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Floods can boost agriculture—study

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Floods, which destroy crops, cause deaths and displacement of many people, could, if properly managed, enhance crop production in Malawi, a study has established.

Mphatso Malota and Joshua Mchenga from the Centre of Excellence in Water and Sanitation at Mzuzu University conducted the study in Lower Shire called: Revisiting dominant practices in floodwater harvesting systems: making flood events worth their occurrence in flood-prone areas.

The study results released last month, says constructing a network of field water ponds and shallow wells in the field enhances infiltration and water availability for immediate and future crop use.

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In an interview yesterday, Malota said the absence of well-designed networks of field waterways in the irrigation schemes results in an unequal distribution of floodwaters among field plots.

“The study concluded that in addition to digging a network of shallow wells and small water ponds to enhance infiltration of floodwaters and increasing groundwater recharge, a resilient and low-risk package of the floodwater harvesting system in the region must also include construction of floodwater diversion structures to increase the chances of flooding even from relatively small rainfall storms, construction of floodwater field distribution channel networks to facilitate field to field distribution of floodwaters,” he said.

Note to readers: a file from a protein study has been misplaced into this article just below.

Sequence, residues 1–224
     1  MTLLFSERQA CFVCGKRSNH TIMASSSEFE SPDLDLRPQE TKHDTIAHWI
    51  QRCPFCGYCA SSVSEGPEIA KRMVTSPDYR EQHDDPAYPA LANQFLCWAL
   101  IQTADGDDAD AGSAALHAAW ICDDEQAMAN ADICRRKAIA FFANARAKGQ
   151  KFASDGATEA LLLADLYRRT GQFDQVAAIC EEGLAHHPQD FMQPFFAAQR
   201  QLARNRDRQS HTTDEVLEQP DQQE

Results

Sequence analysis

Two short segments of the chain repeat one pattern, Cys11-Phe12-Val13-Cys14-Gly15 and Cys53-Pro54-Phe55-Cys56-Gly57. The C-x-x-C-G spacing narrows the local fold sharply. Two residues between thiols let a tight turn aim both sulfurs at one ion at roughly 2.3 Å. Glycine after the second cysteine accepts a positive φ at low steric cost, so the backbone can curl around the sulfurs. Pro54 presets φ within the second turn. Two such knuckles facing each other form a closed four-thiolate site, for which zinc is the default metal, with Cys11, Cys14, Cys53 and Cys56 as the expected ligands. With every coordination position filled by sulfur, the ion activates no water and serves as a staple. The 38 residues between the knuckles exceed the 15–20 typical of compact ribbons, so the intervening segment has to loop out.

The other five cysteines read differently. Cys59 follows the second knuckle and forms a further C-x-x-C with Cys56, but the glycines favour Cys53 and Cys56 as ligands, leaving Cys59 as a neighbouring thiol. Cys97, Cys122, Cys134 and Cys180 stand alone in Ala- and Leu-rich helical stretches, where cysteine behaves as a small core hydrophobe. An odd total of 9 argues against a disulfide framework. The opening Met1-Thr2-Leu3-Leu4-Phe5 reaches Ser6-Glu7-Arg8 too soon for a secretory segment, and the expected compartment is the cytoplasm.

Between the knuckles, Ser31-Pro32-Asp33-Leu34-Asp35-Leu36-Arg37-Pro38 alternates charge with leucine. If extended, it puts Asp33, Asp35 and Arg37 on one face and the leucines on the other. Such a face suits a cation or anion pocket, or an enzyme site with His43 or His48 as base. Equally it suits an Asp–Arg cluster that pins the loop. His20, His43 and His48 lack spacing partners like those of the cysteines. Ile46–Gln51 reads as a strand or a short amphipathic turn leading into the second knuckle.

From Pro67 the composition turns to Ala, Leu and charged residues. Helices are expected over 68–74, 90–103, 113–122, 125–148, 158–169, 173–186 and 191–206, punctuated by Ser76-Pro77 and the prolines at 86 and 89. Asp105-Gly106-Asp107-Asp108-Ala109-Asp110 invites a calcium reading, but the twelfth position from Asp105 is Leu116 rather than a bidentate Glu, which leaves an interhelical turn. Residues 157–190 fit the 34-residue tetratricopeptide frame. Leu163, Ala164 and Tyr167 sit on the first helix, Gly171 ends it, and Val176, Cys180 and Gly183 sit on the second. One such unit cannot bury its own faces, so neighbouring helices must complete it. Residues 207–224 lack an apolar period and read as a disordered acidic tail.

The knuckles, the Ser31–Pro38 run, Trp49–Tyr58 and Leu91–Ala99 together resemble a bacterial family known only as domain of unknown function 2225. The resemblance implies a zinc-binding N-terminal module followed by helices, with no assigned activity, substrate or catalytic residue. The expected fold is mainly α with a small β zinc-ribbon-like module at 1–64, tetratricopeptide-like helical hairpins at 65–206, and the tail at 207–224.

Malota said formulating water distribution regulations to enhance equal floodwater distribution among field plots could also help equal distribution of water in field plots.

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Most developing countries in the sub- Saharan Africa, Malawi inclusive, face numerous challenges, which often prevent investments required to enhance rural livelihood through crop production.

The report notes that for example, in the past decade, the country registered an annual average of 12 percent maize yield production losses due to flood-related crop damage.

Meanwhile, the Ministry of Agriculture, Irrigation and Water Development has said it will comment on the study once it gets hold of the same.

In March, Malawi was hit by Cyclone Idai which caused flooding where crops, livestock were destroyed, 61 people died and over 600,000 were displaced.

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